Memories Wrapped in
an Ancient Grain
Table Talk chats with Diana as she traces memories of her grandfather’s sacred relationship with maize and unpacks it’s larger relevance for future generations.
That was 2010 – almost a decade ago. I’m on the phone with Diana today. Not sitting across the table, but miles away. We laugh as we try to add in the details and fill in the crevices of the memory we have of that evening. No easy feat, we quickly realize. But then again, nothing in comparison to the conversation we’re about to dive into.
“I hated eating when I was a child, and both my sister and I gave my mum a tough time when it came to mealtimes. Luckily my grandmother, who was around a lot, quickly realized that by blending food and giving it to me to drink rather than eat somehow worked better! That’s how I grew up loving soups!” shares Diana when I ask her about her first memory of food. Diana was born in Mexico City and then moved to the city of Veracruz where she was closer to her grandparents. “My grandfather had a shop that would sell wholesale food items like dried tortillas, dried candies and chillies so I still remember how the house smelt!” It was there that her relationship with food changed - from drinking soupy meals to spending Christmas and Easter holidays labouriously preparing tamales and drinking champurrado.
We paused for a moment here. It isn’t often that you casually share that you grew up eating dishes that not only have roots in ancient civilizations but were also eaten in the “same, exact way.” Tamales, for instance, originated in Mesoamerica. To prepare it, ancient cooks from Aztec and Mayan civilizations invented a process called nixtamalization, where corn kernels were soaked in lime-water and then peeled. The result was an easily malleable grain, which was then kneaded to a dough called masa. Masa was traditionally stuffed with local vegetables and today, it is more commonly stuffed with cooked meat, seafood and cheeses. The final product, wrapped in a dried corn husk or masorca, is what we know as a tamale.
Similarly, champurrado, a warm beverage, dates back to centuries where it is paired with another ancient Mexican ingredient – chocolate. Today the recipe involves the use of chocolate added to masa, mixed with water or milk and spices like cinnamon or vanilla. The addition of these spices goes to show the adaptation of this drink by Spanish conquerors, who brought with them various spices. Diana, however, warns me of not comparing it to a hot chocolate, explaining that Mexicans “use chocolate very differently”, referring to the use of the bitter cocoa beans.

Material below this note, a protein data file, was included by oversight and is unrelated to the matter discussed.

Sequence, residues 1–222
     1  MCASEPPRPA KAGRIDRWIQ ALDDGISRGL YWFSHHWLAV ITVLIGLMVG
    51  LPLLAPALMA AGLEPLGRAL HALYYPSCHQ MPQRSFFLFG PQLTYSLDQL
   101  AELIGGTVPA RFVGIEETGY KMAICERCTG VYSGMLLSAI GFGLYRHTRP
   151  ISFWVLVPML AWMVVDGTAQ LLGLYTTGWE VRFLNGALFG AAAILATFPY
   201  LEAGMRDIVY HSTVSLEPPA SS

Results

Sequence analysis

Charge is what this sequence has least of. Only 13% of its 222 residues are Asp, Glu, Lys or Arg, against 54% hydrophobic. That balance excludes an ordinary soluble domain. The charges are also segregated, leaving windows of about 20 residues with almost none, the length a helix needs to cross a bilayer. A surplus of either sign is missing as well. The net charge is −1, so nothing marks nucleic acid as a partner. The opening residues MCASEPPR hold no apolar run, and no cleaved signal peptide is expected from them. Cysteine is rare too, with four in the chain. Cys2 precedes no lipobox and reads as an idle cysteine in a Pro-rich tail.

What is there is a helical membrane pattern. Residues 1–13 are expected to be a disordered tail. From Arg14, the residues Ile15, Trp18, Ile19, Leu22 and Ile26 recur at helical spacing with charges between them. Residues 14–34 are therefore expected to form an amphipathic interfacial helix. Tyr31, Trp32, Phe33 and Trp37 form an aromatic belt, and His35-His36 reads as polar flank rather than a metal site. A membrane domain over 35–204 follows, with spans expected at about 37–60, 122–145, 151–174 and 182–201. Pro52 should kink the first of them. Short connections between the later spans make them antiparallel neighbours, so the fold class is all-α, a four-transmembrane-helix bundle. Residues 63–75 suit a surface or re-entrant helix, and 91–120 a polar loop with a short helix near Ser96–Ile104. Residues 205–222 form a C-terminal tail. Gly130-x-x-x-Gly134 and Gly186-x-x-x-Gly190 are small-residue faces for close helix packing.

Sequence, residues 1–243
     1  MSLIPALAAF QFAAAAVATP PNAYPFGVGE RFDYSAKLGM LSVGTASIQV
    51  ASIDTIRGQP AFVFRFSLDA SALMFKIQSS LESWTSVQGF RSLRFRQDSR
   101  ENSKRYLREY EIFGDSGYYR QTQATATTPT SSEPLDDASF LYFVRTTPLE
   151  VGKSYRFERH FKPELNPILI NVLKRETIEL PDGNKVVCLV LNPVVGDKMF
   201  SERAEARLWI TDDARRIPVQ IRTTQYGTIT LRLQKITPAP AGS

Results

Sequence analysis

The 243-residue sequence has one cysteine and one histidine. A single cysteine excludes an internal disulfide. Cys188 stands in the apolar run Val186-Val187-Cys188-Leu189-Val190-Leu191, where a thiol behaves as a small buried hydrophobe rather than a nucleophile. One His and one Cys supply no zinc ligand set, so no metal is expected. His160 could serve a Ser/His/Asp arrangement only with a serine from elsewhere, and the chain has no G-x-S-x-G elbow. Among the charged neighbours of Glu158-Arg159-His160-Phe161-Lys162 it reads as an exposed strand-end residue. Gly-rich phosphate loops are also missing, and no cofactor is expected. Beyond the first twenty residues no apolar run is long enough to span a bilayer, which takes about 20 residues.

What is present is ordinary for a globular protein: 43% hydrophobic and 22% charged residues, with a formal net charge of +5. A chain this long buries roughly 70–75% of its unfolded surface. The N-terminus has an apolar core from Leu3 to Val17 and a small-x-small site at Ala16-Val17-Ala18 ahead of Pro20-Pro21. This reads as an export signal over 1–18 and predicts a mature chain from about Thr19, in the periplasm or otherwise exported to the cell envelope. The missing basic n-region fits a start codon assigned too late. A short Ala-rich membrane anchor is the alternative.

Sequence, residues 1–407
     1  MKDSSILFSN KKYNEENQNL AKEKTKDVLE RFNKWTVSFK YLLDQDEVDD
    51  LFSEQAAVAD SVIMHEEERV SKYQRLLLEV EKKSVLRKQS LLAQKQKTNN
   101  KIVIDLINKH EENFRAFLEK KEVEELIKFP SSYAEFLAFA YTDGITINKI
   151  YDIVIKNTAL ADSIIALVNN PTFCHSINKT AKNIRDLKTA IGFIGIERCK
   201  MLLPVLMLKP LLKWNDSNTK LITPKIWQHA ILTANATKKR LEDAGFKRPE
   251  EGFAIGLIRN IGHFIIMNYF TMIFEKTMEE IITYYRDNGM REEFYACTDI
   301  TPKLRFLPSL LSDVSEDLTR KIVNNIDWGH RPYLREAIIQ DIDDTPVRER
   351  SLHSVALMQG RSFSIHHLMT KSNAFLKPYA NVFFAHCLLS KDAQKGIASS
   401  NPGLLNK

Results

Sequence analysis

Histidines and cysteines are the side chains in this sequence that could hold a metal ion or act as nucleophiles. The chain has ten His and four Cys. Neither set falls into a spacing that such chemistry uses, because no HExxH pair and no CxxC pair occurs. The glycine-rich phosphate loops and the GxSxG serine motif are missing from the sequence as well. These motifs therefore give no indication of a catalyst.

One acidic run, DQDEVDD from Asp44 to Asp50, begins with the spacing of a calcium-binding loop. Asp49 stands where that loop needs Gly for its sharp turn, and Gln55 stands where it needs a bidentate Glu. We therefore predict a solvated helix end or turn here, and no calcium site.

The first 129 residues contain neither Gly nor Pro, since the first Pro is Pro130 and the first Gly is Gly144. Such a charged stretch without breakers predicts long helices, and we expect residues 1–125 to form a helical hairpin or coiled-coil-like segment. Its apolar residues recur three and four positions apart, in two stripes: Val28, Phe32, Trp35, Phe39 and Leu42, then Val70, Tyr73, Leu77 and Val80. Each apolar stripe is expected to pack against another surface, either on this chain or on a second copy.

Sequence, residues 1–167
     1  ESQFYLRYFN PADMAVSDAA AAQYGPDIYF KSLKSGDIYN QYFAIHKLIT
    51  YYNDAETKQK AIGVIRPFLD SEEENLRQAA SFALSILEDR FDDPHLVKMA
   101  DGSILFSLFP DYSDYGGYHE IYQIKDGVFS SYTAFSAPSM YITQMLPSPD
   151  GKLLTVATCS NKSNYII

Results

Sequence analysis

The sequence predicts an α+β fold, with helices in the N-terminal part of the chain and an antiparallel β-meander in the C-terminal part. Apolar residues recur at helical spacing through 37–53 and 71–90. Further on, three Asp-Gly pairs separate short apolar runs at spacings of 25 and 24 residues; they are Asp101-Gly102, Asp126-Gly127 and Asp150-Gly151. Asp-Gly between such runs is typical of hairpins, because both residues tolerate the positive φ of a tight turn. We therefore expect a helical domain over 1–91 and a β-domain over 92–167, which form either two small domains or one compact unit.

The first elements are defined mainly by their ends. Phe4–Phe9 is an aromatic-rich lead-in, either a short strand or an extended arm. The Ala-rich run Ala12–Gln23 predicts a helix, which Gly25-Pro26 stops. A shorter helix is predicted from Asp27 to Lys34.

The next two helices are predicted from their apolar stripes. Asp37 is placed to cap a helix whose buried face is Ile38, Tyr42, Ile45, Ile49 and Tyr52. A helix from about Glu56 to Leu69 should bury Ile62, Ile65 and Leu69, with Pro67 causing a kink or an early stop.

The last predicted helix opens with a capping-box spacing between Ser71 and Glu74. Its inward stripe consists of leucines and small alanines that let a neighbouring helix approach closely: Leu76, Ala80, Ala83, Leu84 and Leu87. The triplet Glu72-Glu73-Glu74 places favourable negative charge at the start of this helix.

“We believe we are people of the corn.”
So corn in everything then?
“We believe we are people of the corn. The earliest human was born out of maize, from the soil. So 90% of what we consume – food, clothing, jewellery, and how we live- culture, religion, traditions begins and ends with maize”, shares Diana with palpable pride. In Mexico itself, archaeologists have traced the lineage of the kernel and found fossilized popped corn kernels over 5,000 years old. It is no wonder that people from the land revere and have a deep, sacred bond with the earth. “My grandfather was a maize farmer and worked in a milpa. He referred to it as his milpa indicating how deeply attached he was to it, something that was larger than “ownership”, you know? He grew maize in the traditional way, alongside beans and squash”, explains Diana.
Milpa, the pre-Hispanic agricultural system that Diana refers to, was used across Mesoamerica and still survives today in villages throughout Mexico. But if one looks closely, one learns how the milpa is larger than an agro-economic cropping system. It is a socio-cultural construct that brings villages together and honours the seed of the earth. Diana shares how her interest in this unique relationship with the crop took her to Chiapas, a state in southern Mexico, earlier this year; “the birthplace of maize”, as some believe. She spent time with a farmer and saw first-hand how deeply connected he was to the land. She saw how this sentiment was shared by the entire village, women and children included, and how it is an inseparable part of their identities and daily existence.
“So what’s modern Mexico’s relationship with maize like?” I ask Diana, bringing us back to 2020. “Mexicans are proud people and maize often binds us together. It is very much part of our identity.” Whether it’s the quick, popular snack of esquite (corn fried in butter, mixed with lime chilli and mayo), or a bowl of pozole (a spicy soupy stew made from dried large white corn kernels simmered for hours with meat) or tacos (hand-sized corn or wheat tortilla topped with a filling), maize is still the ultimate vehicle for all the vibrant flavours the world attributes to Mexican cuisine. With street-food that was invented before streets were even conceptualized, the Mexican love affair with easy-to-carry, on-the-go cuisine has only strengthened in the modern era.
As we bring the conversation to a close, we acknowledge that painting a broad stroke of “Mexican food” across the country robs the regions of their individual identity. We’d probably need a lifetime of conversations to traverse the various narratives that surround Mexican cuisine today. Particularly, narratives of an ancient grain and how it shaped cultures, survived conquests and how it still plays a crucial role in today’s global economy.
And while history continues to be shaped through bloody conquests and treasured chests, the golden grain clearly has a story of its own; one that needs more listening.